No Time to Die – the latest and final Daniel Craig-led movie in the James Bond franchise – is now available to watch at home, so what better time could there be to look back on Craig’s time as 007?
Craig took over the role of Bond from Pierce Brosnan in 2008, meaning he spent a total of 13 years in sharp suits and swanky cars fighting bad guys.
We thought we’d take the opportunity to rank all five movies in which Craig starred as the iconic British spy.
If you like your movies teeming with action, check out our review of Netflix’s The Adam Project.
5. Quantum Of Solace (2008)
The second Bond movie to star Daniel Craig – and the 22nd overall – Quantum of Solace was directed by Marc Forster. It sees Bond seeking revenge for the death of his lover. His investigations eventually lead him to wealthy businessman Dominic Greene (Mathieu Amalric), a member of the Quantum organization, which intends to stage a coup d’état in Bolivia to seize control of the country’s water supply.
While it’s definitely the worst Bond movie Craig did – he described it as a “shit-show” – it’s still an action-packed and energetic viewing experience. It had a tendency to overuse “shakycam” Bourne-style cinematography, had forgettable bad guys, and a weak screenplay (a writer’s strike occurred during the screenplay’s creation, prompting Craig and the director to add some lines themselves).
4. Spectre (2015)
Spectre was Daniel Craig’s fourth outing as James Bond. The second of two Bond movies directed by Sam Mendes, it sees Bond pitted against the global criminal organization Spectre, who are led by the enigmatic Ernst Stavro Blofeld (Christoph Waltz). Blofeld plans to launch a national surveillance network so he can mastermind criminal activities across the globe.
Although it has one of the franchise’s thinnest plots (and a rather confusing and nonsensical tie-in with Bond’s childhood), Spectre is an action-driven spectacle that took the franchise closer to its earlier glory days. It’s funny and fierce, Craig really gets into the Bond groove, and its final act – in all its strangeness – makes it worth watching.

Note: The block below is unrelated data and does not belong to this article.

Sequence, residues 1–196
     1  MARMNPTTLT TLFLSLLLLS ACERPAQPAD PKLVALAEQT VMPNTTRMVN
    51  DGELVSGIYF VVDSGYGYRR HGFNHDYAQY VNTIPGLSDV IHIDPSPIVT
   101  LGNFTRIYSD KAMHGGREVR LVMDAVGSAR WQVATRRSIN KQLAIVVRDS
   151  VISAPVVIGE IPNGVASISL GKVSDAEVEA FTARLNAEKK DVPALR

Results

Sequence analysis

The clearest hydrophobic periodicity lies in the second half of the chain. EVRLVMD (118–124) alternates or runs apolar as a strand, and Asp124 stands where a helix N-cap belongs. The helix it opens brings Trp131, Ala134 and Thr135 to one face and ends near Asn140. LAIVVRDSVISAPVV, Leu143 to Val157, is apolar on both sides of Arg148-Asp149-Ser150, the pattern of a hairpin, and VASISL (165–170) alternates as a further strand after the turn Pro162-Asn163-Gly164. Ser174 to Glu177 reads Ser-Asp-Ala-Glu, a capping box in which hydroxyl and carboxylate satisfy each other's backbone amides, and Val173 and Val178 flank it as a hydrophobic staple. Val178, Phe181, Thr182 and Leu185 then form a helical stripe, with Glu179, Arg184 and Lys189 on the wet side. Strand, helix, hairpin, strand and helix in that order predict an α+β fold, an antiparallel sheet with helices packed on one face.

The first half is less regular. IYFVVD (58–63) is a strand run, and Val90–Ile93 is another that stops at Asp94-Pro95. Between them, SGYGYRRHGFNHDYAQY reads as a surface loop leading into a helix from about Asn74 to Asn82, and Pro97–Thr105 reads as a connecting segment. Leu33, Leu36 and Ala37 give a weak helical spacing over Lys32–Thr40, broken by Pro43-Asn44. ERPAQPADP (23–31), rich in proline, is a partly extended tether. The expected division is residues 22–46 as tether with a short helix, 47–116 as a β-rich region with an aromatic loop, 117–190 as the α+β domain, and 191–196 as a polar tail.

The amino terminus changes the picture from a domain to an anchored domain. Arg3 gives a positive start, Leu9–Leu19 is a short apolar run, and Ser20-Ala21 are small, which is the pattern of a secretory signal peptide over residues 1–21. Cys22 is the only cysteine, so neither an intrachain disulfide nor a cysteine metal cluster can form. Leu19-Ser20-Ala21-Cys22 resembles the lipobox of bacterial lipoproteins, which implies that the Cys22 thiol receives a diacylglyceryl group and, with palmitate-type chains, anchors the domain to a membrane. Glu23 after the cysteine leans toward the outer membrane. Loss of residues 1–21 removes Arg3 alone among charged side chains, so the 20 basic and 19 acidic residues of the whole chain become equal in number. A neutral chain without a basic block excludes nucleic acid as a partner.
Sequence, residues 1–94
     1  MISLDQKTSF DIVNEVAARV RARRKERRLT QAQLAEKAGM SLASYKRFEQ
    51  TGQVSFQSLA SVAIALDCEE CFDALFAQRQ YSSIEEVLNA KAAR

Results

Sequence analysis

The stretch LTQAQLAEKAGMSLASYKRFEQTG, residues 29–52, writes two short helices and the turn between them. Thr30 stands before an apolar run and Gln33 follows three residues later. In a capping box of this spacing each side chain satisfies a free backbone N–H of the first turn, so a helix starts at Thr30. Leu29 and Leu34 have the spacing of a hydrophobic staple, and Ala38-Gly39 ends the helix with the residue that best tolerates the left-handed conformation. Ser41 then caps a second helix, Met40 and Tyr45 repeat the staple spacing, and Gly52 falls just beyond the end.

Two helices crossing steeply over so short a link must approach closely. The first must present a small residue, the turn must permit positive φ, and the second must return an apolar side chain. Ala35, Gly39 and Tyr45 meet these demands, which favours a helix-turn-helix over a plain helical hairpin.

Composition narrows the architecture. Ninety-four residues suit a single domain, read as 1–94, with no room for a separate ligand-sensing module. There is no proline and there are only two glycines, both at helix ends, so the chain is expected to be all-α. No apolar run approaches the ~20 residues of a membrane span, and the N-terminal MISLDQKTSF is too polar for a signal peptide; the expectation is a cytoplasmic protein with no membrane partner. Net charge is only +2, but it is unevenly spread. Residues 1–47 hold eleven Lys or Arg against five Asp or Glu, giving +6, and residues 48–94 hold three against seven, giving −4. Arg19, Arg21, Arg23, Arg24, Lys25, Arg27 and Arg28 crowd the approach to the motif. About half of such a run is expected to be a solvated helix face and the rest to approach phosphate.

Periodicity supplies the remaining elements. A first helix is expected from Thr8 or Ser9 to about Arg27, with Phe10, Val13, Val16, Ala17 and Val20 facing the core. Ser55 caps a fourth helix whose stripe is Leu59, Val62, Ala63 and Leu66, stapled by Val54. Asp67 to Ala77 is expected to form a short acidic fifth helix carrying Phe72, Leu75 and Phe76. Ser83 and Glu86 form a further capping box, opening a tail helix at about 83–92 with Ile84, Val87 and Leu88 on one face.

3. No Time To Die (2021)
Daniel Craig’s fifth and final appearance as Bond, No Time to Die has only recently hit streaming platforms. Directed by Cary Joji Fukunaga, the movie sees Bond having left active service with MI6, but being recruited by the CIA to help them find a kidnapped scientist, which leads to a showdown with a powerful adversary in the form of Lyutsifer Safin (Rami Malek).
At a whopping 163 minutes, No Time to Die fits a lot in to make sure Craig’s run as Bond ends in satisfying style. It’s got heaps of great action and provides viewers with everything from camp humor and gorgeous cinematography to horror and heartbreak.
Originally scheduled for release in November of 2019, it was delayed for nearly two years by the COVID-19 pandemic – but was definitely well worth the wait.
2. Skyfall (2012)
Craig’s third appearance as Bond – and the twenty-third Bond offering overall – Skyfall was the first of two Bond movies to be directed by Sam Mendes. In this one, Bond investigates an attack on MI6. This leads him to a wider plot by former agent Raoul Silva (Javier Bardem) to discredit and kill M as revenge for abandoning him previously.
Skyfall is riveting and smart, and even though it’s only Craig’s second-best outing, it’s still up there with the best Bond movies ever. It’s got a lot of outstanding action sequences, but its strength lies in its characterization – taking advantage of its excellent cast to do that. In this one, Craig really took possession of the Bond role for the first time, and lifts the whole movie as a result.
1. Casino Royale (2006)
The 21st movie in the Bond franchise, Casino Royale was also Daniel Craig’s first – and it would ultimately remain his best. Directed by Martin Campbell, it’s the third screen adaptation of Ian Fleming’s 1953 novel of the same name. It takes place at the beginning of Bond’s 007 career, as he’s earning his license to kill, and finds him on an assignment to bankrupt terrorist financier Le Chiffre (Mads Mikkelsen) in a high-stakes poker game at the Casino Royale in Montenegro.
Having disposed of the silliness and mad gadgets that tainted the preceding Bond movies, Casino Royale really delivered – only Goldfinger can lay claim to being better than it.
It’s a tense, action-packed, smartly written and edgy movie that reinvented the franchise completely. Craig really didn’t fit Ian Fleming’s profile of the tall, dark and suave Bond, but he just worked in the role – thanks largely to the fact that he portrayed 007 as something of a swine!
From one iconic hero to another, why not take a look at our piece discussing whether or not The Batman is too dark and moody?